Christine Cieplinski was an attorney and employee of the state of Connecticut for 17 years, moving from the Office of Policy and Management to become Director of Labor Relations at UConn Health in 2014. But […]
As residents see tax refunds or payments flow in or out of their checking accounts, many low-earning Connecticut residents can expect to see tax refunds based on the Earned Income Tax Credit. The EITC supplements […]
On the heels of a Yankee Institute story detailing Connecticut tolling consultant company CDM Smith’s relationship with an international tolling advocacy group, Senate Republican Leader Len Fasano issued a press release questioning the accuracy of […]
Lawmakers on March 27 voted to approve a collective bargaining agreement for Connecticut’s assistant attorneys general which included an 11 percent pay increase and bonuses, and the Appropriations Committee on April 1 approved a similar […]
The U.S. Supreme Court decision in Janus v. AFSCME has cost Connecticut’s public sector unions millions in lost agency fees, but now those unions are pushing back through legislation to give them more control and […]
CDM Smith, the engineering consultant company that has authored two tolling studies for the state of Connecticut, is a dues-paying member of an international organization who’s stated purpose is “to create a political environment that […]
The former chairman of the National Labor Relations Board issued a letter stating a bill pushed by union leaders and supported by a number of Democrats would be pre-empted by federal law and likely be […]
Tolls can be user fees, depending on how they are conceived and implemented. As proposed in Connecticut, however, they will not be user fees, but rather a massive wealth transfer: in short, another giant tax increase. Politicians trying to hide […]
The vast majority of Connecticut residents who commute by train earn over $100,000 per year, with the largest cohort earning more than $250,000 per year, according to a 2016 Fare Equity Analysis report from the […]
The Office of Fiscal Analysis pegs the cost of increasing the minimum wage to $15 per hour and implementing a paid family medical leave program at nearly $80 million, as the state faces projected budget […]
The Connecticut State Legislature will begin its 2023 session on January 4th and will adjourn on June 7th. The “long session,” as non-election years are called in Hartford, will be centered around the biennial budget. The Office of the State Comptroller reports that state government found a way to spend $47.11 billion in 2022 and, if trends continue, we can expect that number to grow even more going forward. Concerns over energy prices, inflation, and general cost of living continue to dominate the headlines and the threat of a recession hovers over economic forecasts.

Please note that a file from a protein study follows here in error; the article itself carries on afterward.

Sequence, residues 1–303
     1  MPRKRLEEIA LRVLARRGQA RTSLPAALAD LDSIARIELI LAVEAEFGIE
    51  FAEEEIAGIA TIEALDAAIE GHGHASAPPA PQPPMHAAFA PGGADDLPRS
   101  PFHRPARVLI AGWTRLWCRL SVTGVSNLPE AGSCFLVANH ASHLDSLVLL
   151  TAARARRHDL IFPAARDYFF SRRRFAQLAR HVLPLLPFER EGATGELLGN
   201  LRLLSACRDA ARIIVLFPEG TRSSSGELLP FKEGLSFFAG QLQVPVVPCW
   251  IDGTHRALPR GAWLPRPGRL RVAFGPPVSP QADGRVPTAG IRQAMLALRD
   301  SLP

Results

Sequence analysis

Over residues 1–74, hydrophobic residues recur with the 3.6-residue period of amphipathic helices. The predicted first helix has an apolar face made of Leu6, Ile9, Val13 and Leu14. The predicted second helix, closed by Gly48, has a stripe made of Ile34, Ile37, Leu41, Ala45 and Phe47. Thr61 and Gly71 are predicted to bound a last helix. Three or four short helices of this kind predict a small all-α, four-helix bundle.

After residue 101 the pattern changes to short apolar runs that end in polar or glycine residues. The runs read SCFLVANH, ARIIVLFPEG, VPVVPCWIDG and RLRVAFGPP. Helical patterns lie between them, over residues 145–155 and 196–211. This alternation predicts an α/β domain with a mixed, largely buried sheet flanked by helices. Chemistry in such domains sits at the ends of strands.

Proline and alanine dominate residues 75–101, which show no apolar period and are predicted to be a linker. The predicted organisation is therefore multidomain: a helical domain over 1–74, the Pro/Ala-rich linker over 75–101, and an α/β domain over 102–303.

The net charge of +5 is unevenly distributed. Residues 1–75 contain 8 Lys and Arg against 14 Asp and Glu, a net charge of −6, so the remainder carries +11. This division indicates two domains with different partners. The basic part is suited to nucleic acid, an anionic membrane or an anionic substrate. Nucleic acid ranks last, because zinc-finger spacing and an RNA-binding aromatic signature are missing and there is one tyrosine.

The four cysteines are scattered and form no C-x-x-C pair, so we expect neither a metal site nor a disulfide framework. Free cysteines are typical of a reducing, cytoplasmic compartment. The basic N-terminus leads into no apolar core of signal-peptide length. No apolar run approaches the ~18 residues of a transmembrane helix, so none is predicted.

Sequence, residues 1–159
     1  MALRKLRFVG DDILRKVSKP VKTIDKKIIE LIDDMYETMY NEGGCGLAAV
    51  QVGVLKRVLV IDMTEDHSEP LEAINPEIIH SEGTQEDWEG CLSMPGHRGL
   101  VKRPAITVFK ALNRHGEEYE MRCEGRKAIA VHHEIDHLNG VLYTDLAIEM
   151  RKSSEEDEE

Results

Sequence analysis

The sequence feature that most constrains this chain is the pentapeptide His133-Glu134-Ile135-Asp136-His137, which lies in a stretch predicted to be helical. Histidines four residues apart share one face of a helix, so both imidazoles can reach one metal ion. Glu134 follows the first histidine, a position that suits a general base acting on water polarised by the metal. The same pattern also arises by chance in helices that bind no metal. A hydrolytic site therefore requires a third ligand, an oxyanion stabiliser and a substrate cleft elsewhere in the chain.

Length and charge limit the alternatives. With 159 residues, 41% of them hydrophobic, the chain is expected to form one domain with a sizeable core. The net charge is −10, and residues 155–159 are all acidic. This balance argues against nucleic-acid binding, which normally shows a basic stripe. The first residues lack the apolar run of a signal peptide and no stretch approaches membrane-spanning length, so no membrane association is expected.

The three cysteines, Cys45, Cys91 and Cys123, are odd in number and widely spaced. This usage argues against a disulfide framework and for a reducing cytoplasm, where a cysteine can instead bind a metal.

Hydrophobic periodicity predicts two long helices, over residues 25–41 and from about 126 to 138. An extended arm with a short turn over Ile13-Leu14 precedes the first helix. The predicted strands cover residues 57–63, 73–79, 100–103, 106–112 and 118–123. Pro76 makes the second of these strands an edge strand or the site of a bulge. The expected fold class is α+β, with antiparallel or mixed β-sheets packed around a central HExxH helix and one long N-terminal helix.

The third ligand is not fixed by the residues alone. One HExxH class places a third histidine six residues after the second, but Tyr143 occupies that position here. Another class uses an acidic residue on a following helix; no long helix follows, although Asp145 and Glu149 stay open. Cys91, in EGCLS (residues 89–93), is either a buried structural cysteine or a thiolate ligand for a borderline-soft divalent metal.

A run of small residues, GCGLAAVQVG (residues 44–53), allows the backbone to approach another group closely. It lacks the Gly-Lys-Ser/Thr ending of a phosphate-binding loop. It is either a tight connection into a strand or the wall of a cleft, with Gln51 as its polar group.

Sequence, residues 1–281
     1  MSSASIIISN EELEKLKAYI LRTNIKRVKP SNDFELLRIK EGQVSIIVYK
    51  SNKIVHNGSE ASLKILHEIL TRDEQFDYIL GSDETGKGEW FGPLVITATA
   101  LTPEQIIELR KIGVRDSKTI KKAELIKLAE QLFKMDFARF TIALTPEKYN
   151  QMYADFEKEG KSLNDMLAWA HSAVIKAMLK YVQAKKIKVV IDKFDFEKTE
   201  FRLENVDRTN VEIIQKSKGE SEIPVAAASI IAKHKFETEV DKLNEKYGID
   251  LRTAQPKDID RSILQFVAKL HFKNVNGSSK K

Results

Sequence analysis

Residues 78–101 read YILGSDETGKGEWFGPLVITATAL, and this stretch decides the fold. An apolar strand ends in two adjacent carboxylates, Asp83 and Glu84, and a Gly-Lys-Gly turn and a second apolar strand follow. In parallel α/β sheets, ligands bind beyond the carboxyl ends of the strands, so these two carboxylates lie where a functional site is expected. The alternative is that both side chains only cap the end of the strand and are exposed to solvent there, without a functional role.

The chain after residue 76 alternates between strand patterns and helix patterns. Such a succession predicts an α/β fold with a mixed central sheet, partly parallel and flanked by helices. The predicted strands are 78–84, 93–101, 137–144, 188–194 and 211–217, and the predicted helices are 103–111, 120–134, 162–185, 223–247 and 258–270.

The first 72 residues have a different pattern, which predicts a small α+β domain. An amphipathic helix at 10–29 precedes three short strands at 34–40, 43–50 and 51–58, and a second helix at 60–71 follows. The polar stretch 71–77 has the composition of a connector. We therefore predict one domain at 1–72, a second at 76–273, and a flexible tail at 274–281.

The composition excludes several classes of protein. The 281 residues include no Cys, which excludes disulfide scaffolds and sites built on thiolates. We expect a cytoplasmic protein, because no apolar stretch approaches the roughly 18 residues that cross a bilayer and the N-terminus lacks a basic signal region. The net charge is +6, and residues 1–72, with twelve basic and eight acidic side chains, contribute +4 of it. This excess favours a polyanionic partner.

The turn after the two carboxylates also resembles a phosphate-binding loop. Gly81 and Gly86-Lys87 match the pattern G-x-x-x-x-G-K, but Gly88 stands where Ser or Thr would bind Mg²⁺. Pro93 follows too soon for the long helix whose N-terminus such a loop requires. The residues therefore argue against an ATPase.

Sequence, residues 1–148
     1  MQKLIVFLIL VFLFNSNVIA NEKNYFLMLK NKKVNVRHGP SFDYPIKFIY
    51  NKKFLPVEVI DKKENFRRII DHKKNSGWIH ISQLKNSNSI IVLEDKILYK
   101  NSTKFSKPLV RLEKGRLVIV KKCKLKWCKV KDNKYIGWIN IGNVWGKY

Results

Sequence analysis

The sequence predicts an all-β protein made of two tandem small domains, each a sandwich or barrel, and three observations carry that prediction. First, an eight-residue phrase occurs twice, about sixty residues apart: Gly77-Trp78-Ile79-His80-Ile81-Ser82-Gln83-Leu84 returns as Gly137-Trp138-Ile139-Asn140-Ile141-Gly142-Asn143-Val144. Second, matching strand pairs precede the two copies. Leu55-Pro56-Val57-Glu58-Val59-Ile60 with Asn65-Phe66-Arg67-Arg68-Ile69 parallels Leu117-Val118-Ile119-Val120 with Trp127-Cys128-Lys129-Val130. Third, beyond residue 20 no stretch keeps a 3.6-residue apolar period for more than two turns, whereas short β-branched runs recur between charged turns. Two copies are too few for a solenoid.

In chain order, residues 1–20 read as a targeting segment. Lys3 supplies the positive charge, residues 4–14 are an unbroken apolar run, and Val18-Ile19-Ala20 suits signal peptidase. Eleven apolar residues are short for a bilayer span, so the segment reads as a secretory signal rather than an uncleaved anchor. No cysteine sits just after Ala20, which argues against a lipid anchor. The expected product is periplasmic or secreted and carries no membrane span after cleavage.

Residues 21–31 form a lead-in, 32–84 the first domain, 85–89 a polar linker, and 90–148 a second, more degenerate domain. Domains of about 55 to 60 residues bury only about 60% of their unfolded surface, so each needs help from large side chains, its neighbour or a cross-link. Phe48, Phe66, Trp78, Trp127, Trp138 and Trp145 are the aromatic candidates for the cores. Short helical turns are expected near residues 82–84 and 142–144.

What will our elected officials be working on to improve policy outcomes for Connecticut residents? What tax reform proposals will there be? What can be done to lower home heating bills? How will state and local budgets be affected by fewer federal resources? How will schools be implementing to curriculum requirements?
While we wait to see the thousands of individual and committee bills that while dominate the myriad policy debates this year, Yankee Institute is hard at work promoting free-market solutions to the problems we face from Stamford to Putnam and Mystic to Salisbury. To that end, we have produced a new edition of our Charter for Change. The Charter provides commonsense reforms to make Connecticut’s government work for its residents.
Though the list of reforms may be exhausting to review, it is far from exhaustive! And that’s why we want to work with you to build a broad-based coalition to encourage sound policy reforms to enable Connecticut residents to forge a better future for themselves and their families.
It’s also imperative that we do so. As we noted in a report and CT Mirror op-ed last year, the debate over whether we’re in a national recession really misses the point for Connecticut residents. We had more people employed in the private sector in 2007 than we do today. Our economy has grown at one of the slowest rates in the nation for the past decade, and we are getting outpaced year after year. We’re not attracting innovation and industry. We’re losing some of our best and brightest as they seek other parts of the country where it’s easier to make a living.
But together, we can reverse this trend.
At Yankee Institute, we know Connecticut is a state with boundless opportunity, and we intend to help make our state more than a place where people are just able to make ends meet! Connecticut should be a place where everyone can thrive – and with your help, it will be.